What two guiding principles held by the Framers most affected the structure and functions of the US Constitution?

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The first guiding principle shared by most of the framers was the need for a powerful central government. James Madison in particular had come to believe that the states, if left to their own devices on such matters as fiscal policy, would ruin the nation. So most (but not all) of the Framers agreed with Edmund Randolph's proposal early in the Constitutional Convention that the delegates adopt a new plan for government in which the national government, not the states, would be supreme. Some delegates went even further, recommending such institutions as a federal veto on state legislation (Madison) and a unitary executive with a lifetime term (Hamilton). The powerful federal government that emerged from the Convention was a product of this more or less shared belief. Yet they also established a system known as federalism which maintained some of the state powers.

At the same time, most of the delegates shared a belief that the powers of government ought to be divided rather than unified in a single entity. Most were students of the British constitution, which divided power between a monarch, the Lords, and the Commons, and most had read Montesquieu's The Spirit of the Laws, which claimed that a divided form of government was the best suited to avoid tyranny. So the Framers established a government that vested legislative powers in Congress, executive powers in the presidency, and judicial powers in a judicial branch to be fleshed out later by legislation. They also granted each branch certain powers over the other--the veto power of the President, and the impeachment power of Congress, for example--to establish a system of checks and balances to provide a mechanism by which powers could be limited in practice.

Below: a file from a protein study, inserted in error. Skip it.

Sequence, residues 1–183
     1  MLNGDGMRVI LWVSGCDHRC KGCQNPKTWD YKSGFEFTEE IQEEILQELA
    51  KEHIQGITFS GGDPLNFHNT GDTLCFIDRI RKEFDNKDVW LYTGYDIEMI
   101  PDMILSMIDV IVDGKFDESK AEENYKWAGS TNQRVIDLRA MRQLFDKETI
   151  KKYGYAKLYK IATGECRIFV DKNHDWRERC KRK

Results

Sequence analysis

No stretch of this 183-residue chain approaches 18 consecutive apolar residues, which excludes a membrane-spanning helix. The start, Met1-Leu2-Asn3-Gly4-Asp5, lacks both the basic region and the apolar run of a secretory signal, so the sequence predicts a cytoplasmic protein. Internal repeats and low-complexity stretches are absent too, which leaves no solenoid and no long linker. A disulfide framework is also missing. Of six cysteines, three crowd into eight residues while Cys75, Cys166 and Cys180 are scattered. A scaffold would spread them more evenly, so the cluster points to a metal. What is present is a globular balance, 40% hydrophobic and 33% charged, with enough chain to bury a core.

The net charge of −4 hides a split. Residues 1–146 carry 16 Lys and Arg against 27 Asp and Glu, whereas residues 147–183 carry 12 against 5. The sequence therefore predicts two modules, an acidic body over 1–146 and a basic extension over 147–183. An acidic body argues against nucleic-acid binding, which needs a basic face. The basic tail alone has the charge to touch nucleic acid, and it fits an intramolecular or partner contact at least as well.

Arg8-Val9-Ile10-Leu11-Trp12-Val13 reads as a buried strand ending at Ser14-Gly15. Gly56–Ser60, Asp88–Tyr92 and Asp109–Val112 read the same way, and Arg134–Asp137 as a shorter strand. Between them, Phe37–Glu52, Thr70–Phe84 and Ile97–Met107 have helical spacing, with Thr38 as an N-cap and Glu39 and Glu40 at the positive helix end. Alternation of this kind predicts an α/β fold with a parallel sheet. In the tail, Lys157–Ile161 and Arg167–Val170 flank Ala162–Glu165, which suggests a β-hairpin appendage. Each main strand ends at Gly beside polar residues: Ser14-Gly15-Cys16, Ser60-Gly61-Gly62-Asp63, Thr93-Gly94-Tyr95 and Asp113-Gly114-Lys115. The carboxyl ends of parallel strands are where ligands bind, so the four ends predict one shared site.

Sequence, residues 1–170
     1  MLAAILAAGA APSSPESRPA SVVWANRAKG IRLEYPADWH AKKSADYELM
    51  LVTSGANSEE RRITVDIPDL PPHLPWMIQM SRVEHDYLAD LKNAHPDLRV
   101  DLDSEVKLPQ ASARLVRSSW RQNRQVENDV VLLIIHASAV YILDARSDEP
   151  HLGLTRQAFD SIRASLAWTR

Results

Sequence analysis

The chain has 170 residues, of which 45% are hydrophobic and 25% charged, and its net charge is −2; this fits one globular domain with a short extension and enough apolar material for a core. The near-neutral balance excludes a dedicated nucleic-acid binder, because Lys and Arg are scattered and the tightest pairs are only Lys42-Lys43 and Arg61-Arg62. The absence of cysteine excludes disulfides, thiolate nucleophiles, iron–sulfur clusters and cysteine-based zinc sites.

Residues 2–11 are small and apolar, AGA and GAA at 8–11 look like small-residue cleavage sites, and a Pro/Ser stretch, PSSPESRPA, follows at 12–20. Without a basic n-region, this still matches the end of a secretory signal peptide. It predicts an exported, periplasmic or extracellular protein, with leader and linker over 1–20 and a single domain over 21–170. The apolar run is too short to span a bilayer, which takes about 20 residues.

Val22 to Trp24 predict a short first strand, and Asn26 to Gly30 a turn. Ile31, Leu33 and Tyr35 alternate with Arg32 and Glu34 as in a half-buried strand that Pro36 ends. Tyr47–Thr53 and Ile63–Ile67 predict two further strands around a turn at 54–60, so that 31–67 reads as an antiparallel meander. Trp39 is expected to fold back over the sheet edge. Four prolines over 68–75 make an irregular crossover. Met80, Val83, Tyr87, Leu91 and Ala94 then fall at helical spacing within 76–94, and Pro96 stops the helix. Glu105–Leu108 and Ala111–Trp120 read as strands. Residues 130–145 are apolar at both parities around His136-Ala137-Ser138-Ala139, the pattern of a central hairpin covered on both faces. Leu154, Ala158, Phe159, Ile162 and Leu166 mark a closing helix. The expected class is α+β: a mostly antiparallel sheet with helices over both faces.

These two principles, centralized government and divided government, were very important to the Framers.